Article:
A paramedic has been awarded compensation after he had to manoeuvre a patient into an ambulance and was left with permanent damage to his back and shoulder. He received significant compensation after action by his union UNISON and Thompsons Solicitors.

The 53-year-old had to manually lift a patient into the back of an ambulance using a ‘carry chair’ because it wasn’t fitted with a tail lift. The awkward manoeuvrability of the carry chair caused the paramedic to strain under the weight of the patient.

The incident exacerbated an existing back injury that had also been caused by lifting a patient while on duty. The paramedic had to have physiotherapy and was unable to work for four and a half months.

“As paramedics we do get back and shoulder injuries fairly frequently due to the nature of the job but the risks of them and their severity can be minimised by management giving us the correct tools to do the job safely,” said the paramedic.

“Back and other injuries from the old style ambulances without tail lifts are a regular problem which the London Ambulance Service are aware of. A proper assessment of the risks with the old-style ambulances and the carry chair method of moving patients would have avoided my accident.”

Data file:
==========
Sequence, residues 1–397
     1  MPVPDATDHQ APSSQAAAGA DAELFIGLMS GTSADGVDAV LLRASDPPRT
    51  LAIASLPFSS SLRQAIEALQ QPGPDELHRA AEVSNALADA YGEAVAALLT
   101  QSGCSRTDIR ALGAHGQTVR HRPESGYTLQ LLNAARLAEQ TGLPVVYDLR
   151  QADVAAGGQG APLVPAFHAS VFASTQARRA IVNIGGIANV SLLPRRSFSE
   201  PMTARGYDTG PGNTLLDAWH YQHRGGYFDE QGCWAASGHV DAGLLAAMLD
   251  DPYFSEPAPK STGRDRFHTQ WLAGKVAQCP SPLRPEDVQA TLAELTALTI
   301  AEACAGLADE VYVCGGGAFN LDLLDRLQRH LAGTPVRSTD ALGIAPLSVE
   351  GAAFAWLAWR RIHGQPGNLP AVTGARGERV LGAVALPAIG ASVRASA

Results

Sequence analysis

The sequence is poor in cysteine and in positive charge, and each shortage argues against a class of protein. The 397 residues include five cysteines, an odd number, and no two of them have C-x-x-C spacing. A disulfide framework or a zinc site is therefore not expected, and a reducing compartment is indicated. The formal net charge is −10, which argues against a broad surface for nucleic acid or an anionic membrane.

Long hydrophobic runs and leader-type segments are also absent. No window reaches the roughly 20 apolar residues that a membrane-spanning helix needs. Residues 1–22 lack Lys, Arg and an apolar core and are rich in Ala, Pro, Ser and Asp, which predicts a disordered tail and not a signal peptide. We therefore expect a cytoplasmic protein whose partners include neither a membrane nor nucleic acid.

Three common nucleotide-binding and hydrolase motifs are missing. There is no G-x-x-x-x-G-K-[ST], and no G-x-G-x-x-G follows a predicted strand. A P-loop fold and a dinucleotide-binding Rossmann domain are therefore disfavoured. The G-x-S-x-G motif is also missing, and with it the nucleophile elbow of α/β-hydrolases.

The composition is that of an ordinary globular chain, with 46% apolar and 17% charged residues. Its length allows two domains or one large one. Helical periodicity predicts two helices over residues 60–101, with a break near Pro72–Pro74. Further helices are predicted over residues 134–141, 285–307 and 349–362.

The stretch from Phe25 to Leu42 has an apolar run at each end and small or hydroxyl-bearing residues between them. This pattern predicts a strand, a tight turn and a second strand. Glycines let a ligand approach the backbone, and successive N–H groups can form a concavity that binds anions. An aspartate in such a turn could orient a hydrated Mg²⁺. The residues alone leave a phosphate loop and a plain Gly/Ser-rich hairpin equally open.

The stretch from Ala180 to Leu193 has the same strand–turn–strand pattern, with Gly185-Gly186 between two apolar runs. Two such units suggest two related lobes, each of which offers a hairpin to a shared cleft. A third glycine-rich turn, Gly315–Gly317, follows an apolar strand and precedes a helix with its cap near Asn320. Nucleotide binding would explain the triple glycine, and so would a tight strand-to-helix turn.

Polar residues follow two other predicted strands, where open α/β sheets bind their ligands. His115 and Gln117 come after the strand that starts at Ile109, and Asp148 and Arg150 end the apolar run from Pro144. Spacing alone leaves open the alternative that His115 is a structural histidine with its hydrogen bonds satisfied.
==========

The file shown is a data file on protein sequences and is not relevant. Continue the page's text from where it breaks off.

Manually handling a patient up steps in a carry chair isn’t good for the patient or the ambulance crew

Christina McAnea, UNISON Head of Health, said: “Newer models of emergency vehicles are fitted with a tail lift, which replaces the steps. Manually handling a patient up steps in a carry chair isn’t good for the patient or the ambulance crew. For the crew – who don’t have any choice about which vehicle they are assigned to – their bodies are put under unnecessary strain to get the job done.

“Our member has undergone months of suffering because he was using out-of-date equipment. And the ambulance service was deprived of a vital worker for months.”

The right equipment and rigorous training are key

Joanne Evans from Thompsons said: “Manual handling injuries are the most common type of work place injury. No one expects the job of the paramedic not to involve lifting but employers should try to protect those who have to do it. The right equipment and rigorous training are key.

“The presence of a tail lift in newer models of ambulances doesn’t mean that paramedics don’t have to lift but it does make access into the rear of an ambulance much less physically demanding.”